Posted by: adelvecchio
EHR, health IT workforce, ONC, Physician ranking
Only 12% of physicians believe websites where patients can review doctors are useful and should be made more available to patients, according to a study by the American College of Physician Executives (ACPE). A majority of respondents offered critical views of such review sites, with 29% saying they weren’t used enough by patients to be relevant, and 26% called them a “nuisance that provides no benefit.”
One physician explained he doesn’t check his online ratings because: “They don’t accurately reflect the competency of a physician.”
A system for ranking physicians who participate in Medicare is in development by health care “hacktivist” Fred Trotter. Trotter plans to make his data and rankings available to the public after six months of analysis. He received the data for his project from the Centers for Medicare and Medicaid Services through a Freedom of Information Act inquiry. The project was publicly funded through donations at Medstartr.com. Trotter’s progress can be seen here.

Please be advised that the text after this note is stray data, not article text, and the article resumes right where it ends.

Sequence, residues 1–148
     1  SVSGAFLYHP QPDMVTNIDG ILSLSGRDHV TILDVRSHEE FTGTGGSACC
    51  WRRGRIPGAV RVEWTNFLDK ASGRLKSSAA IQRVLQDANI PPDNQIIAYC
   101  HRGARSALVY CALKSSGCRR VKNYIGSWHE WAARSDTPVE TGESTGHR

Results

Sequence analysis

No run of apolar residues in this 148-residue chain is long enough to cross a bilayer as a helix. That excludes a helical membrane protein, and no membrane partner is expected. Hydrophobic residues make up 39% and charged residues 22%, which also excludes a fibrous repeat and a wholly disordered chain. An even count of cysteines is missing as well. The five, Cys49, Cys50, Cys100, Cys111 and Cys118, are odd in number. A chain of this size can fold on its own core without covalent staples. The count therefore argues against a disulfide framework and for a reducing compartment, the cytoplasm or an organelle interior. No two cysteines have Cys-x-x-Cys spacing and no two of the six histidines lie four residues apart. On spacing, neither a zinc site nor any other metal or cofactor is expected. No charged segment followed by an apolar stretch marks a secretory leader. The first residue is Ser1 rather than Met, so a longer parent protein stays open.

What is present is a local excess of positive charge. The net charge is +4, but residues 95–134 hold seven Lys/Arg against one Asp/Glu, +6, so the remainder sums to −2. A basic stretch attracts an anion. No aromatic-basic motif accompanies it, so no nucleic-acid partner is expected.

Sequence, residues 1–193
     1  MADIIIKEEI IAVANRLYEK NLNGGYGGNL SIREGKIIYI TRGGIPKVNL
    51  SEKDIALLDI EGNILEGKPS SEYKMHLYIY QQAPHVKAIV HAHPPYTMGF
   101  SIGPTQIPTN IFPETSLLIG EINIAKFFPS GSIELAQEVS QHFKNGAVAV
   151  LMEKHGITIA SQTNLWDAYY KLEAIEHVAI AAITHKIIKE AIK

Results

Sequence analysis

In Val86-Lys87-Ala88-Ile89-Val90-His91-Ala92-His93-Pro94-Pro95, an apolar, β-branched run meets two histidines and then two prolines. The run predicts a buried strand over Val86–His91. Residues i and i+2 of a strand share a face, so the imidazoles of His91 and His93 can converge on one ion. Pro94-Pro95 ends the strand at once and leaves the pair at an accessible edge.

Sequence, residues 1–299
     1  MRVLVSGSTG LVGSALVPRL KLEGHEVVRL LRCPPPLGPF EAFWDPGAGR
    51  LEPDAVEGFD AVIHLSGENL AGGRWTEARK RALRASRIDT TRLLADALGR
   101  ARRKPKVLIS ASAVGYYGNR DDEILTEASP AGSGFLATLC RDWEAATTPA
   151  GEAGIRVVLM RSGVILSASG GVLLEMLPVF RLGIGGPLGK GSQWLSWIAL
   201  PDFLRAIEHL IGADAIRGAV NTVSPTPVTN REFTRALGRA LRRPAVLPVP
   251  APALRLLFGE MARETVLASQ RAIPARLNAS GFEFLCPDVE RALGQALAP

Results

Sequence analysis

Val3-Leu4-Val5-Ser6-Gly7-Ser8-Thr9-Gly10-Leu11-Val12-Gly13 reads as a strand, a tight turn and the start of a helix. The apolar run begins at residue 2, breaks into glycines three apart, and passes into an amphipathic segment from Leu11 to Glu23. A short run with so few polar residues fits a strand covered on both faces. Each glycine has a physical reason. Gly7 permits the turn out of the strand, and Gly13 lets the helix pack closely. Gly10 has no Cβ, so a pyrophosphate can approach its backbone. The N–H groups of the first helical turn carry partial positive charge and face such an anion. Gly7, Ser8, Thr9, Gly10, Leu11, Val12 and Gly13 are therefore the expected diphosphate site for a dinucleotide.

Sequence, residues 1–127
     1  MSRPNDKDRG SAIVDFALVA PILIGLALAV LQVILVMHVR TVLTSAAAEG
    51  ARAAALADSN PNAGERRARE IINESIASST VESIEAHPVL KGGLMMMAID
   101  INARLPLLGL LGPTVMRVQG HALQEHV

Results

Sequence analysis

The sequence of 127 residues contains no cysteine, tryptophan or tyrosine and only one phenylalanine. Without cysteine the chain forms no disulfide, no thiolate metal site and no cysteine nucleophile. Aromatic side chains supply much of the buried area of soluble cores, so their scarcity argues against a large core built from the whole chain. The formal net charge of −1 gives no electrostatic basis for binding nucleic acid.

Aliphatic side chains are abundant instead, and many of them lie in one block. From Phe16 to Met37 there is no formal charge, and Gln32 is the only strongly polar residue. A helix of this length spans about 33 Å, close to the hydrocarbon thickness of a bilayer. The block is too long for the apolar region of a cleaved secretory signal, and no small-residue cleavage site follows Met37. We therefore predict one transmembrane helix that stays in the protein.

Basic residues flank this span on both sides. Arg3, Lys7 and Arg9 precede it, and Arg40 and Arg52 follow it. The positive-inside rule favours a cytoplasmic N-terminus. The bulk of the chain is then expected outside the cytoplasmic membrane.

Physicians nearly universally agree their stress levels have increased in the past few years, with 89% indicating that feeling in a recent Epocrates survey. Close to half (43%) said their anxiety stemmed from concerns about federal regulations. Physicians continue to adopt EHRs and use tablets at an increasing rate in their practices, despite their skepticism of other online resources like patient reviews. The cost of EHR systems is a deterrent for physicians, who also fear selecting a vendor that is an imperfect fit for their practice. Fixing such a mistake can lead to more expenses and leave practices scrambling to meet regulations.
Overall, skilled health IT workers are in demand. More than half (59%) of health IT executives said understaffing could affect their organization’s chances of complying with meaningful use regulations, according to a survey released by The College of Healthcare Information Management Executives. The ONC has contributed $116 million to health IT training, with $100 million of that going to academic institutions to establish health IT training courses for students. Only 12% of responding executives said they hired someone who was trained by the ONC’s program thus far.